And you can own your own mailing list, more so than you can own just about anything else online. Governments can seize your domain name. If you forget to renew it, some squatter will snap it up and try to sell it back to you for $1,000. But your mailing list is yours. Even if you’re using a service like Mailchimp or TinyLetter, you can back-up your mailing list and use it with another program. And if you use a self-hosted mailing list like Sendy, Dada Mail or the Newsletter plug-in for WordPress, you have even more direct ownership over your lists.
2. Readers Pay More Attention to E-Mail
Author Warren Ellis, who has been doing the e-mail newsletter thing for years, has written that his mailing list has a 5,000 out of 6,865 open rate. That’s exceptional, but shows how powerful email can be. The newsletter for my personal blog has only around 320 subscribers. But according to Mailchimp, each e-mail has about a 20 percent open rate. That’s about 64 readers per e-mail. I have over 7,000 Twitter followers, but a very successful post will tend only to be clicked by about 20 people, according to Bitly, which works out to less than 1 percent of my followers.
So while it might be harder to get people to fork over their e-mail addresses than it is to get them to like or follow something, once you do, they’re much more likely to actually pay attention, and you can reach more people in the long run. Marketing types have known this for a long time, hence all the get-rich-quick spammer websites that try to entice you into swapping your e-mail address for a free e-book.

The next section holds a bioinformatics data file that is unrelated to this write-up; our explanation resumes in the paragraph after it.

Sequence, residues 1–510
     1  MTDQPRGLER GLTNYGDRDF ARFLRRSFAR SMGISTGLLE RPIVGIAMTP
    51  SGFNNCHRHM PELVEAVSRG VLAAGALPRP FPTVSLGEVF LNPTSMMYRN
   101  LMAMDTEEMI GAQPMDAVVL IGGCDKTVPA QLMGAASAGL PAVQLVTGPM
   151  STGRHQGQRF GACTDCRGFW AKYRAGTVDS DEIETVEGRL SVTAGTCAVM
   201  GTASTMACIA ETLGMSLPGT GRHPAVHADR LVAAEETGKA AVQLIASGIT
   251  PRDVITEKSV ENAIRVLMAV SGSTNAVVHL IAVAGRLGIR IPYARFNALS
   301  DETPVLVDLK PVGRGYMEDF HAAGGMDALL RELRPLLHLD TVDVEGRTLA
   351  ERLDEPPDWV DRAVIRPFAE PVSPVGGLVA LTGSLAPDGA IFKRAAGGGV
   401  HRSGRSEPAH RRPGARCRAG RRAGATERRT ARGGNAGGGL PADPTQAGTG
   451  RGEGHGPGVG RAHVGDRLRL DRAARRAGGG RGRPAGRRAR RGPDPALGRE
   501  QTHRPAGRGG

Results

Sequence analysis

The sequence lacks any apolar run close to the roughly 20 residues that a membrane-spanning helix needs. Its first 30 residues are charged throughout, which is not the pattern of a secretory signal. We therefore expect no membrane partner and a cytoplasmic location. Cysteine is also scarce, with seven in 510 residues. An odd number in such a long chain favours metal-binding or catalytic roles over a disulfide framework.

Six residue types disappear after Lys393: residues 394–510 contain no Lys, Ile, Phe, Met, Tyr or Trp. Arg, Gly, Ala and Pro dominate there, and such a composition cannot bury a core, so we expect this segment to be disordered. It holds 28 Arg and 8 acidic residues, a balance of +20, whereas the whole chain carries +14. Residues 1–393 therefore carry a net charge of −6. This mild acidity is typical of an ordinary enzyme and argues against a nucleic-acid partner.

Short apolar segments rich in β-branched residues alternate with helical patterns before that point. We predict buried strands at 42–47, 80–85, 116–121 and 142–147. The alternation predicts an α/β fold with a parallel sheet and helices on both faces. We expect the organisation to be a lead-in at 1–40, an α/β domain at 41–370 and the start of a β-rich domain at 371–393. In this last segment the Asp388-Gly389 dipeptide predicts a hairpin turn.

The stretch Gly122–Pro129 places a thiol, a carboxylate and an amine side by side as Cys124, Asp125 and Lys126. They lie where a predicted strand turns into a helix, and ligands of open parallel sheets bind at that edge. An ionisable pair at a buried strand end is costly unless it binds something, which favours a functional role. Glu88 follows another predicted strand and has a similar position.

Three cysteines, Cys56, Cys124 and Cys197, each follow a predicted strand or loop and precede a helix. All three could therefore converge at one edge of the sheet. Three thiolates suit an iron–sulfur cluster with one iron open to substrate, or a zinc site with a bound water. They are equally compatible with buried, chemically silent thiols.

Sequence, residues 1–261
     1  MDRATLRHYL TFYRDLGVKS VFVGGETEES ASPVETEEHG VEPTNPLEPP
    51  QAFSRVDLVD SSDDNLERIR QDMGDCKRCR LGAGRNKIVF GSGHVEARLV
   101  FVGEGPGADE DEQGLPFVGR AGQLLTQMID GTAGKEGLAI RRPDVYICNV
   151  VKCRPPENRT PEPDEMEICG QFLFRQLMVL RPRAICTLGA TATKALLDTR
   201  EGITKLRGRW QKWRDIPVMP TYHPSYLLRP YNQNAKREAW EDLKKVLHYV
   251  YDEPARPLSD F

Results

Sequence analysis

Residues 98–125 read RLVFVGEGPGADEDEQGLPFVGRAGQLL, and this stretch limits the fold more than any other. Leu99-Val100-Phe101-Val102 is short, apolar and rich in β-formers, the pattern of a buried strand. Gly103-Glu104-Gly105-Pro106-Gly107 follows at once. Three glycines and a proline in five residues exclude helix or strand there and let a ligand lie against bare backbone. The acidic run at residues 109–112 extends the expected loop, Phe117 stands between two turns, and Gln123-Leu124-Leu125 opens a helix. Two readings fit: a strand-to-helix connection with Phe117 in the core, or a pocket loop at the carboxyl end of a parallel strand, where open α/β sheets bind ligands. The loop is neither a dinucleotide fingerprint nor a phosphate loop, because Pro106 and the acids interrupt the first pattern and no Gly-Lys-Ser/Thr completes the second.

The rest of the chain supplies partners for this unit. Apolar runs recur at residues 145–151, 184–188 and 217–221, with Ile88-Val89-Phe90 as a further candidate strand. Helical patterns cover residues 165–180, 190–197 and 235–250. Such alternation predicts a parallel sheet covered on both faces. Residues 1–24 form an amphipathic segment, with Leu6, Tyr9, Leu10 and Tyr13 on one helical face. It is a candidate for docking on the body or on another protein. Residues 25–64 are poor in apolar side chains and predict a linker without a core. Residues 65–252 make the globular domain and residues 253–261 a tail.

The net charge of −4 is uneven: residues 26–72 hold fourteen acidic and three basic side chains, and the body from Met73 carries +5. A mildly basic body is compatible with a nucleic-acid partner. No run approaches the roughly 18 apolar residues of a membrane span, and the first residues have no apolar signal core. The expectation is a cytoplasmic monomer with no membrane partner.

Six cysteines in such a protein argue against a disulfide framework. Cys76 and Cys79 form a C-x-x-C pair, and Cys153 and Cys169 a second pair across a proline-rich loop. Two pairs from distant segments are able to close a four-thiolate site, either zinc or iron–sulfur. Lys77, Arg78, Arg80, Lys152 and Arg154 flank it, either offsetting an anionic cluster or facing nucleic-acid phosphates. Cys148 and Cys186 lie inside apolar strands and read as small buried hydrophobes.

3. E-Mail Is Cross-Platform
E-mail is great way to reach mobile readers without having to talk them into installing yet another pointless app. It works on everything from tablets to feature phones to Commodore 64s with dial-up Internet access.
4. E-mail Keeps All Your Clutter in One Place
That helps explain why publishers want us to sign-up for newsletters, but why do readers actually do it? I think a big part of it is social media fatigue. Other things try to replace e-mail, only to become just as cluttered, creating a bunch of separate cluttered messes to deal with. My inbox is a nightmarish hellscape. But I’d rather visit one nightmarish hellscape per day than a dozen. And while there’s no way I would want to get an e-mail newsletter from every single person I follow on Twitter, those e-mail digests of what’s been happening on Twitter are pretty handy. From a reader’s standpoint, I’d often rather just get a daily or weekly digest than try to follow yet another Twitter account or RSS feed.
5. E-mail Is the Original Social Media
For years, those of us who have advocated the indie or federated web have called for social networks to be more like e-mail, but it turns out e-mail itself is a pretty good social media platform. And while getting people to sign up for a Diaspora or Identica account was always a tough sell, just about everyone already has an e-mail address. And e-mail has social features like “reply” and “share” (aka “forward”) baked right in.
But beyond all that, it feels like an admission that the Internet went horribly wrong somewhere along the way. Google+, Tumblr and Facebook Groups felt like a tacit admission that the web had taken a wrong turn somewhere around Friendster and was finding its way back to LiveJournal. But now with the rise of newsletters and Snapchat and “right to forget” legislation, it feels like we’re going back even further, perhaps admitting that this whole web thing, with its search engines and caches and screenshots, were perhaps a bad idea to begin with and it’s not to rip it up and start again from e-mail on up.